Our agony aunt tries to solve more readers’ problems
Q: For the 15 years we’ve been married, my husband has spent long periods away from home.We’ve both had to adjust to periods when we don’t see each other, but we’ve always trusted one another.
After a recent party, a family friend accompanied me home and while I never intended anything to happen, we ended up in bed together.
I feel so guilty, but at the same time, excited, as I’m really attracted to this man and he is to me.
My husband is a good, considerate man and I don’t want to hurt him, but is it possible to love both men?
A: It’s not impossible, but it’s a sure-fire recipe for unhappiness.
I’m not convinced you are, as yet, in love with this other man; you’re attracted to him, you’re excited by the affair, but I’d say those were signs of problems within your marriage, not love.
While you thought you’d accepted these periods alone, you were clearly missing something. Your new lover has provided that ‘something’, but is it what you really want?
Perhaps what you need is to put some sparkle or magic back into your marriage. A counsellor may help you explore these issues to find out what you really want.
Q: I think I may be an alcoholic as, since my girlfriend and I split up six months ago, I can’t get through a day without drinking.
My immediate reaction to the break-up was to down a bottle of whisky - which made me really sick. In spite of that, I still have at least four or five pints and a few chasers most days and I know it’s having an effect on me and on my health.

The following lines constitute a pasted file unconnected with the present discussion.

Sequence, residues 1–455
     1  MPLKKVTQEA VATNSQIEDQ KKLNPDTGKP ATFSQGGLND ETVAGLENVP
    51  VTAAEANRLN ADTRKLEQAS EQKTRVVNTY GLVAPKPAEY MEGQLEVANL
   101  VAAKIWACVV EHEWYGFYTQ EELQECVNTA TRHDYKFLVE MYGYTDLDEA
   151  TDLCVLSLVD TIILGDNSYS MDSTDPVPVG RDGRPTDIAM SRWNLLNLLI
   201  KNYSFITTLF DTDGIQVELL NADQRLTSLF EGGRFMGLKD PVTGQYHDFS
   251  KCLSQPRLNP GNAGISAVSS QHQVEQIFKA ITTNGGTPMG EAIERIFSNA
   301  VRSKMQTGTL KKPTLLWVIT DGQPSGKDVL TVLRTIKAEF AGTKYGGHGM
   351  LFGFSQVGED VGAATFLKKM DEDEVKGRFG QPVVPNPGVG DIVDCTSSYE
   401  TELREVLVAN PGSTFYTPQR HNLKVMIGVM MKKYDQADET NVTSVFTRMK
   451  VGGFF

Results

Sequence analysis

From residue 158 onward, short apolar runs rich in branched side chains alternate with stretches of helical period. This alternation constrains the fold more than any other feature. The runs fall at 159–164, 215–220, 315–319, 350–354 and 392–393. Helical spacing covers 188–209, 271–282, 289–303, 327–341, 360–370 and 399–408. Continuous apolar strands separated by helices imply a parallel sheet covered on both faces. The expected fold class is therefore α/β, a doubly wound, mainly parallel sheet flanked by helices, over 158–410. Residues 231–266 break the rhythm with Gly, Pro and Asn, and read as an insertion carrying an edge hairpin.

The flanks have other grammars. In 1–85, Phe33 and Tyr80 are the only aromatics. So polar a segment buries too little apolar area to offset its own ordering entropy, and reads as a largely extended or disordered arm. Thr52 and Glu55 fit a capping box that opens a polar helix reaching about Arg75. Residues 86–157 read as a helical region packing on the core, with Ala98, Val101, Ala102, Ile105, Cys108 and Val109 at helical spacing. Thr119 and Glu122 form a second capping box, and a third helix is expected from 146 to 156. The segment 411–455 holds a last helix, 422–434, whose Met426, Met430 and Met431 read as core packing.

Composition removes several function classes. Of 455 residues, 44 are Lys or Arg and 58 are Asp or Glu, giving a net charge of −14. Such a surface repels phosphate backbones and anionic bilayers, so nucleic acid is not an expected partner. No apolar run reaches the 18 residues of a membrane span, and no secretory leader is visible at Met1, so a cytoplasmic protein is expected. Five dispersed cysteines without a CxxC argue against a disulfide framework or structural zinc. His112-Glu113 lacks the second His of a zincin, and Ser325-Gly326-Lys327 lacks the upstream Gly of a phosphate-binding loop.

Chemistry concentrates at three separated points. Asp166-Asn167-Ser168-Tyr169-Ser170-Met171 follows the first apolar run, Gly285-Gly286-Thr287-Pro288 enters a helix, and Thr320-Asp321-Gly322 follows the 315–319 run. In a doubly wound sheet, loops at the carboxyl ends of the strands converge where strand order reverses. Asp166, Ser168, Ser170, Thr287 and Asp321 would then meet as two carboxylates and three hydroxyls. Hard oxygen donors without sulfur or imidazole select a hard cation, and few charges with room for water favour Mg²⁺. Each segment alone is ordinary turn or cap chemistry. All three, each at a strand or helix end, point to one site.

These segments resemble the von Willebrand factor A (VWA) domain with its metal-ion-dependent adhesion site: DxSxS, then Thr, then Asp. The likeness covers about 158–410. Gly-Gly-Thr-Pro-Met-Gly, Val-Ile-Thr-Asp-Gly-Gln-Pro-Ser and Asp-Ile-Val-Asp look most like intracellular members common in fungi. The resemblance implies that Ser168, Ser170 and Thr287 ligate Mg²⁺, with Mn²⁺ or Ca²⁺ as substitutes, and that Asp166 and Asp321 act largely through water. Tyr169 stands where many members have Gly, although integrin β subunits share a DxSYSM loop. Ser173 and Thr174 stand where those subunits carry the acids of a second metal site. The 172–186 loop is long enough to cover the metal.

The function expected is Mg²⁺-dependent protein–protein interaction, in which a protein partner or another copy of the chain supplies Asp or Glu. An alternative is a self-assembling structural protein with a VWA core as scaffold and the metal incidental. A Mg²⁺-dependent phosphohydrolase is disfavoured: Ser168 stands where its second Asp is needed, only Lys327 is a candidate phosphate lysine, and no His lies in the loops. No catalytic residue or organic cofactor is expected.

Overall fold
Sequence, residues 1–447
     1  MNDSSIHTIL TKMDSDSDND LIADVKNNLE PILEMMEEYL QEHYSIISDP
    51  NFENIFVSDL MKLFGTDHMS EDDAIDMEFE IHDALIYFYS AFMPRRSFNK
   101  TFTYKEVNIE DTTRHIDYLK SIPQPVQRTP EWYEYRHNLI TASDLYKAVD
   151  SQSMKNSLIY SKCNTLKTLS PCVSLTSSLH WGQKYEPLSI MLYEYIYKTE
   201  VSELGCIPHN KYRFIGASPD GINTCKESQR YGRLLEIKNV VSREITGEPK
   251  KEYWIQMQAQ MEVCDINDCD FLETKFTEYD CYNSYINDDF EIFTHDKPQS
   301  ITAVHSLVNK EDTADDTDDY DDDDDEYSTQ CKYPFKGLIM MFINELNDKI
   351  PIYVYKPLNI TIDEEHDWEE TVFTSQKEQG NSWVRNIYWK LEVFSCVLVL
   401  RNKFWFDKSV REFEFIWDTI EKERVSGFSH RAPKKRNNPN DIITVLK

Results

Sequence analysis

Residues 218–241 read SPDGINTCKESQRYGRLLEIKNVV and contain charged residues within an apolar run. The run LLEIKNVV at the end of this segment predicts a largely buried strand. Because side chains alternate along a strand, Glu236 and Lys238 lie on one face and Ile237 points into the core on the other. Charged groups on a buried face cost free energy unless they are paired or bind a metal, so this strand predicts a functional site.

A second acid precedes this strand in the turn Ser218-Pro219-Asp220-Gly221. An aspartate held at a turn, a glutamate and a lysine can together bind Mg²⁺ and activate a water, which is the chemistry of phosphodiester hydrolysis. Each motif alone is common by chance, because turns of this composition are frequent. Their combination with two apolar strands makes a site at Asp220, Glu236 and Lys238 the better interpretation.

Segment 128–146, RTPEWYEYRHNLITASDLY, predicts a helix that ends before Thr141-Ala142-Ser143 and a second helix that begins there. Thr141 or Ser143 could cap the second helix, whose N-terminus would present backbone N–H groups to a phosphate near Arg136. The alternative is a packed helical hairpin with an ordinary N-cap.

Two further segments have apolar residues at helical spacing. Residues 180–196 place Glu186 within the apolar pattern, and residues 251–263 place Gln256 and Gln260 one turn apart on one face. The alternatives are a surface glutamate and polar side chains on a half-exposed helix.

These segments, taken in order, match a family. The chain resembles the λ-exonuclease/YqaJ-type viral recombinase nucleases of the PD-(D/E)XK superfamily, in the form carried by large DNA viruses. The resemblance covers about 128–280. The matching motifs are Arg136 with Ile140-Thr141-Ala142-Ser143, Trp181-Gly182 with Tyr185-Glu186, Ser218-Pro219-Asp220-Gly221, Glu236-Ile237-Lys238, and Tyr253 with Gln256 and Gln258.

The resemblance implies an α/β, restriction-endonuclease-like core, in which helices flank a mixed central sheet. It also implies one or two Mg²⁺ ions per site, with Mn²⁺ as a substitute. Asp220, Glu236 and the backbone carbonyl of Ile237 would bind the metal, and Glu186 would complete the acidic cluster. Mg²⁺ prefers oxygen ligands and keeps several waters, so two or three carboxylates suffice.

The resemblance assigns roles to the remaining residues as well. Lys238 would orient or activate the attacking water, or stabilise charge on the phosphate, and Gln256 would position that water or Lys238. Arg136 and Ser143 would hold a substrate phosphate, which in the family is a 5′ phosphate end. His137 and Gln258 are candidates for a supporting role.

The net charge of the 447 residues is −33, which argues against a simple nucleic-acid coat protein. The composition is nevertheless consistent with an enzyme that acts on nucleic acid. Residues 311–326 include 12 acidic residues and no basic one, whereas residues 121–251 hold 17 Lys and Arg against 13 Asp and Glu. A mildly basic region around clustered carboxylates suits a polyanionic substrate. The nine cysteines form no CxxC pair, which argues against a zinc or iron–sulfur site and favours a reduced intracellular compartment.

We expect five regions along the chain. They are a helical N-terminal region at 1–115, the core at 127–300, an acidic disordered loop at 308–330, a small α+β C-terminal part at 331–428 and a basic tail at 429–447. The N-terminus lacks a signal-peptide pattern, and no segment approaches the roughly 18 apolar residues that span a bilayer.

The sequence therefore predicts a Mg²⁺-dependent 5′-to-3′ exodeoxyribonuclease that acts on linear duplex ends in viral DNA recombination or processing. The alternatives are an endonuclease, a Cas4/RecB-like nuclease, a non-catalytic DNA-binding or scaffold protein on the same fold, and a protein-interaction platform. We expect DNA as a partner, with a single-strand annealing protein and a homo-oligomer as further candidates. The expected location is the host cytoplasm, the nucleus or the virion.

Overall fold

I don’t feel depressed about our split anymore – I can see we weren’t suited – but I still can’t stop drinking.
A: You are drinking way over safe limits and your body will be protesting under the strain.
Even if you were to cut your drinking by half, you’d still be way over the top.
It might not be so bad if you had a few ‘dry’ days each week to give your body a chance to recover, but as you can’t seem to manage that, I suggest you talk to your GP.
Be honest about the amount you drink, when, where and why – without the full facts, your doctor can’t help you.
I don’t know if you’re an alcoholic, but you most definitely have a drink problem and you are right to be concerned.
Q: I’ve become very close to my friend for the six years we’ve known one another.
We see each other most days and often spend our weekends together, but recently she can’t stop going on about the new job she’s landed.
I’ve tried to steer conversation to other things, but it still always comes back to how much she is earning or how wonderful her new company is.
To be honest, I’m sick of hearing about it. I don’t want to lose my temper, but she just won’t shut up.
I’m not jealous, as I have a great job myself, but I just don’t talk about it all the time!
A: It sounds like your friend is becoming a bit of a bore. If you want to keep the friendship, it’s worth dealing with this before it causes too much damage.
Try telling her that, whilst you’re pleased that she enjoys her job so much, you really don’t want to keep hearing about it.
If she is offended by what you say, apologise, but say you miss the talks you used to have as she never talks about anything except her job any more.
It is possible that this friendship has run its course – I’d suggest you both need more people and more activities in your lives as I suspect you’ve lived in one another’s pockets for a bit too long.
Write to Fiona Caine c/o Danny Randon, 1000 Lakeside, North Harbour, Portsmouth PO6 3EN or firstname.lastname@example.org. Fiona regrets that she cannot enter into personal correspondence, nor pass letters on to other readers.